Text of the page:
Lieberthal, always a Phillie at heart, signs and retires
Mike Lieberthal never got to the playoffs with the Phillies. He arrived in the majors in 1994, the year after the Phils played in the World Series, and played his last game for the team in 2006, the year before the Phils cracked a long playoff drought by winning the National League East.
never got to the playoffs with the Phillies. He arrived in the majors in 1994, the year after the Phils played in the World Series, and played his last game for the team in 2006, the year before the Phils cracked a long playoff drought by winning the National League East.
But Lieberthal left a mark in his 13 seasons in red pinstripes.
That's why club president David Montgomery invited the former catcher back to town yesterday to officially retire as a Phillie.
"Mike played here for a long time, and for me, it went beyond that. It was a real friendship," said Montgomery. "In many ways, Mike was the face of the franchise for a number of years because of the continuity he brought. He always played hard. He cared about the community. This seemed like the right thing to do."
Lieberthal, 36, spent 2007 as the backup catcher for his hometown Los Angeles Dodgers.
He went through the formality of signing a minor-league contract (worth $4) so he could end his career as a Phillie.
"I know I finished with the Dodgers, but it's definitely an honor to come back here," Lieberthal said. "I was still a Phillie at heart when I was in L.A. I watched pretty much every game that was on TV, and I still do. The Phillies are definitely deep in my heart."
Lieberthal, who caught 1,139 games, most in Phillies history, donned his old No. 24 and threw out the ceremonial first pitch before yesterday's game. He was honored with a video presentation highlighting his career, which included two All-Star Games and a Gold Glove. He was also honored for the charity work he performed, particularly with sick children, during his time with the Phils.
Lieberthal was joined by his wife, Kelly, who is expecting the couple's first child.
improved to 8-0 against the Florida Marlins in yesterday's 7-5 win. Moyer (6-3) is tied with Hall of Famer
for 57th on the all-time wins list with 236. He has won four straight starts.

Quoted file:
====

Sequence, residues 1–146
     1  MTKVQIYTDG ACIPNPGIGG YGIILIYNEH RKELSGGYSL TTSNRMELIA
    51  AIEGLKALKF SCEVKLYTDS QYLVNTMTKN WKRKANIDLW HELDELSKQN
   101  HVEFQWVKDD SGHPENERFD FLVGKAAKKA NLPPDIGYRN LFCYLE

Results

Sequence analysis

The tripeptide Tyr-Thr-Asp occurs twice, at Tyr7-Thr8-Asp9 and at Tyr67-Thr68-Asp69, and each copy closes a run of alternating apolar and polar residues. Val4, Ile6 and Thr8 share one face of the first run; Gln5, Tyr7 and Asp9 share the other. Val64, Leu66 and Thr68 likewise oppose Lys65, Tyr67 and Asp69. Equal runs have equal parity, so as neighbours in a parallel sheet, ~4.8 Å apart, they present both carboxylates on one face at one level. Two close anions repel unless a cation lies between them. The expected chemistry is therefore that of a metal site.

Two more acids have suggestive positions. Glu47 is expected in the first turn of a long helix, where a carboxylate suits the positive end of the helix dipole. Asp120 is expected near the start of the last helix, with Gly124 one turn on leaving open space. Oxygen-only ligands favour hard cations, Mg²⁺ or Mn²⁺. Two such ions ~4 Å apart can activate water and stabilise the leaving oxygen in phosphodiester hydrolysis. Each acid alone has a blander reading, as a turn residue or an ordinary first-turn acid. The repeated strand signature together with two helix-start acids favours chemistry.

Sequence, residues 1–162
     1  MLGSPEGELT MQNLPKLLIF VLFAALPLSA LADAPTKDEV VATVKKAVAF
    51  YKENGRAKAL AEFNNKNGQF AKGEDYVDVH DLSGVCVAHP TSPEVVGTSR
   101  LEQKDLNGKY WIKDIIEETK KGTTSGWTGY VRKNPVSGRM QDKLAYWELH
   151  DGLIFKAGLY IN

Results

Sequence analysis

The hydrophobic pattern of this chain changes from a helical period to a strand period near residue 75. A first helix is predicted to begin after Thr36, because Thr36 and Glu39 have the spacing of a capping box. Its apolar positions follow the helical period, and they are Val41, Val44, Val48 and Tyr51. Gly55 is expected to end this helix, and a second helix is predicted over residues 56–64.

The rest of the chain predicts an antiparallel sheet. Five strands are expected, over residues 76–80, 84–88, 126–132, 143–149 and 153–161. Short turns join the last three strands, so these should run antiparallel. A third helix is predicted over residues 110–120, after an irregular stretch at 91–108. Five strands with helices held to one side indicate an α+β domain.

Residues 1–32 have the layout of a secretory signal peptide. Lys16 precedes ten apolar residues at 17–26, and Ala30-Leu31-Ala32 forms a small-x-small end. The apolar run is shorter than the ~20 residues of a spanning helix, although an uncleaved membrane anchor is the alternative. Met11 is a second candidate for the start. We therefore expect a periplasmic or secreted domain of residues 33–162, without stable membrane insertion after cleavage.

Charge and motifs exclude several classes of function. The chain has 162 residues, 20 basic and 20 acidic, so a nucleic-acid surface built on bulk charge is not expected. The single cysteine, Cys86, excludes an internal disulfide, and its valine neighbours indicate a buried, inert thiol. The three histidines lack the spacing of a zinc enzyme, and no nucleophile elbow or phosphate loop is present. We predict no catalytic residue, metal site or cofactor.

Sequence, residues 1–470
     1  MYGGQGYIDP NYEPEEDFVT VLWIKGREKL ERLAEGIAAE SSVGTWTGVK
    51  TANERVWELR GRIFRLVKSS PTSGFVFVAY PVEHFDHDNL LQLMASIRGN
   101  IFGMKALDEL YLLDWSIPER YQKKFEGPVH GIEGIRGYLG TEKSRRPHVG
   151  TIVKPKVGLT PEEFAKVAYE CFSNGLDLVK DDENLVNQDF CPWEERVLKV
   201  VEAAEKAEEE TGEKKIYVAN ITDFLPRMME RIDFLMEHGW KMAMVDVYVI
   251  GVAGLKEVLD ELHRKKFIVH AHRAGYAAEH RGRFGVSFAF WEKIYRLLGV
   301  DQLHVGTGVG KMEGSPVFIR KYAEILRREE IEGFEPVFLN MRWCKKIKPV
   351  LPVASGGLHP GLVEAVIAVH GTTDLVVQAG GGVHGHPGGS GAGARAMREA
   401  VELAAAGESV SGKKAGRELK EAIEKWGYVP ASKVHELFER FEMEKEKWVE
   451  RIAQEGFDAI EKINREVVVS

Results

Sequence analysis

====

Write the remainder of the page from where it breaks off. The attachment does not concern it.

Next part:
"I'm happy with where I am," Moyer said. "But that doesn't mean I can sit back and say I'm where I need to be and I'm going to put it on autopilot."
Moyer trailed, 5-1, after three innings, but held the Marlins scoreless over his last four innings, and the NL's second-highest scoring team responded.
"We never feel like we're out of a game," said Geoff Jenkins, who tied the game with a two-run, pinch-hit homer in the sixth.
To the fat farm
, the pitching prospect who electrified the final week of spring training with four dazzling innings against the Yankees, has been put on the disabled list.
Carpenter, 23, is listed as having "turf toe," but there is nothing wrong with his toe.
Phillies officials put Carpenter on the DL because they believe he is out of shape. The 6-foot-3, 245-pound righthander has reported to Clearwater, Fla., to work on conditioning and pitching mechanics. Mostly conditioning, insiders say.
A second-round pick in the 2006 draft, Carpenter led minor-league baseball with 19 wins last season. He was not invited to major-league spring-training camp, but came up for one game on March 26 and wowed manager Charlie Manuel and pitching coach Rich Dubee with four shutout innings and six strikeouts against the Yankees.
"I don't think he's that far away," Dubee said after Carpenter's performance.
Carpenter hoped to build on that spring outing at double-A Reading, but went 2-7 with a 6.94 ERA in 11 starts. Team officials are still high on Carpenter, but he won't get a chance to lower his ERA until he lowers his weight.
Here come the Reds
Fresh off their first sweep of Atlanta since 1996, the Cincinnati Reds, with phenom outfielder
, arrive tonight for a four-game series.
Bruce, rated as the game's top prospect by Baseball America, is hitting .591 (13 for 22) with two homers and six RBIs in his first six games.
Ken Griffey Jr. needs one homer for 600.
"It would be great to see history made," Phils shortstop Jimmy Rollins said. "After we're up 10-1, of course."
has homered in four straight games and is hitting .370 with six homers and 17 RBIs in his last seven. . . .
has hit in 13 straight games at a .411 clip. . . . The Phils will face four righthanded starters against Cincinnati. If they wanted to add a lefthanded bat for the series, they could activate outfielder
, who has been playing at Clearwater on a minor-league rehab assignment. Snelling went on the disabled list April 20 with swelling in his left knee.